Marketing is actually a fairly general term. An umbrella that applies to a wide range of disciplines and tactics. Today, we’d like to go over a few of the more important ones. These core tactics can each be applied to your business in their own way – and each is worth considering as part of your overall strategy.
Okay, granted, our first point is cheating a bit. Social itself technically isn’t a marketing tactic so much as it is an entire marketing channel. Within that, you’ve got a ton of different strategies.
- Paid ad placements. These include both organic, paid search and more traditional advertising mechanisms. This is one of the few places where it’s acceptable to directly sell products rather than simply engaging in conversation. BigCommerce has a decent guide about paid social advertising if you’d like to learn more.
- Sellable posts. The most notable example of this is Instagram’s Shoppable Posts feature. Although it does require prior approval, it can be a good source of income, allowing you to tag products in your posts without having to significantly change your approach to content creation.
- Shared content. This includes both your own content (which we’ll discuss a bit later) and anything else the audience might find interesting or valuable.
- Product and technical support. Many brands use Twitter and Facebook as avenues through which customers can contact them with questions and concerns about their products. You’d do well to follow their example.
At the end of the day, everything you do on social goes back to the conversation. It’s about forging relationships between your brand and its audience. The potential to make sales through social is great, of course – but it shouldn’t be your sole focus.
The Annual Millennial Impact Report found that, overwhelmingly, millennials want to do good – and they want the companies and brands they support to do the same. That’s where cause-based marketing comes into play. Your business does good, both within its own industry and without.
It’s about being ethical in your marketing and business practices. About being transparent in how your products are manufactured, transported, and sold. About giving generously to charitable organizations, and giving both employees and customers the chance to get involved in making positive changes in the world.
If you want to see an excellent example of cause-based marketing in action, look at Lush. Billing itself as an ethical cosmetics brand, every facet of its marketing is centered around the idea of changing the world for the better. From promoting good causes to ethically-sourcing all its ingredients, Lush positions itself as a brand that people can feel good about supporting.
You don’t need to go as extreme as Lush, of course – but cause-based marketing is worth consideration.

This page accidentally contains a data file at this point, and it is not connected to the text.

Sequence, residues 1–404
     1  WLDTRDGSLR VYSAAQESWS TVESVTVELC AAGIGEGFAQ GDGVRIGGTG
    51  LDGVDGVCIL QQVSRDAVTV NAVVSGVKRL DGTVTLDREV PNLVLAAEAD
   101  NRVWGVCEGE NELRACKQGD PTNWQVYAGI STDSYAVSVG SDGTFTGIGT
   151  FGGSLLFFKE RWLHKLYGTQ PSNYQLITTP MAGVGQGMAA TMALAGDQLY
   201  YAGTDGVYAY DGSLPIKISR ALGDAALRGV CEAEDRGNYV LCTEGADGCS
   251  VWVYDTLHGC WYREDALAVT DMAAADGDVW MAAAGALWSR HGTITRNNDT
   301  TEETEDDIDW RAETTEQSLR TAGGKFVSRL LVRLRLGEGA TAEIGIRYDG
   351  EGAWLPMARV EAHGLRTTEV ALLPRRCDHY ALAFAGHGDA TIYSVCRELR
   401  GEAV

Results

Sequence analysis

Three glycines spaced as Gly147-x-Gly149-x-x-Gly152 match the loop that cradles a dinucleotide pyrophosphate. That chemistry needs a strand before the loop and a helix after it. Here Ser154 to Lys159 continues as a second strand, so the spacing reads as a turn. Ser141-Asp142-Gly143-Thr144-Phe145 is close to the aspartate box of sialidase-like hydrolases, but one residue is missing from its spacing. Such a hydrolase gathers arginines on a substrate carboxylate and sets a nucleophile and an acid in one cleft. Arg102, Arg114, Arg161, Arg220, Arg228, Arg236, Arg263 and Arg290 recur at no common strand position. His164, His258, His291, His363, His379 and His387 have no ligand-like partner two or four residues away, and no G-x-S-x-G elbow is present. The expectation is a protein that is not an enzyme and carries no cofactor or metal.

Although content marketing has reached something of a saturation point on the web – in that everyone is creating content for their audiences – it’s still an incredibly valuable way to bring in new traffic. It helps your brand build trust, convey thought leadership, and cultivate loyalty. Plus, assuming you can find something you’re passionate about, it’s honestly just enjoyable.
Whether you’re a consumer electronics brand discussing the best smart home technology or a clothing brand offering advice on office attire, content marketing is an incredibly powerful tool in any marketer’s arsenal, one that you ignore only at your own peril.
Guerilla marketing refers to any sort of marketing strategy that doesn’t fit into the traditional mold. It’s unique, it’s distinctive, and it’s unexpected. It also gets a bit of a bad rap – but in our opinion, it doesn’t really deserve it.
Basically, the more creative and entertaining you can make your guerilla marketing campaign without it growing obnoxious, the better.
Last but certainly not least, we’ve got point-of-purchase (PoP) marketing. This is the marketing that’s delivered to consumers when they’re making purchase decisions – and immediately after. The form these take depends on your brand.
If, for example, you maintain a digital storefront that sells incense burners, you might remind people to purchase incense when they’re in the shopping cart. You might send an email with coupons or special offers after a purchase has been made, or simply thank customers for shopping with you.
The core of PoP marketing is that these are leads that have already been converted – now your goal is to inspire deeper brand loyalty.
Just The Tip of the Iceberg
Above is just the barest sample of the different possible approaches to marketing. Do a bit of research into which of these is the best fit for your own brand. Alternatively, if none of them seem to work that well, you can go beyond – what we have here is a starting point.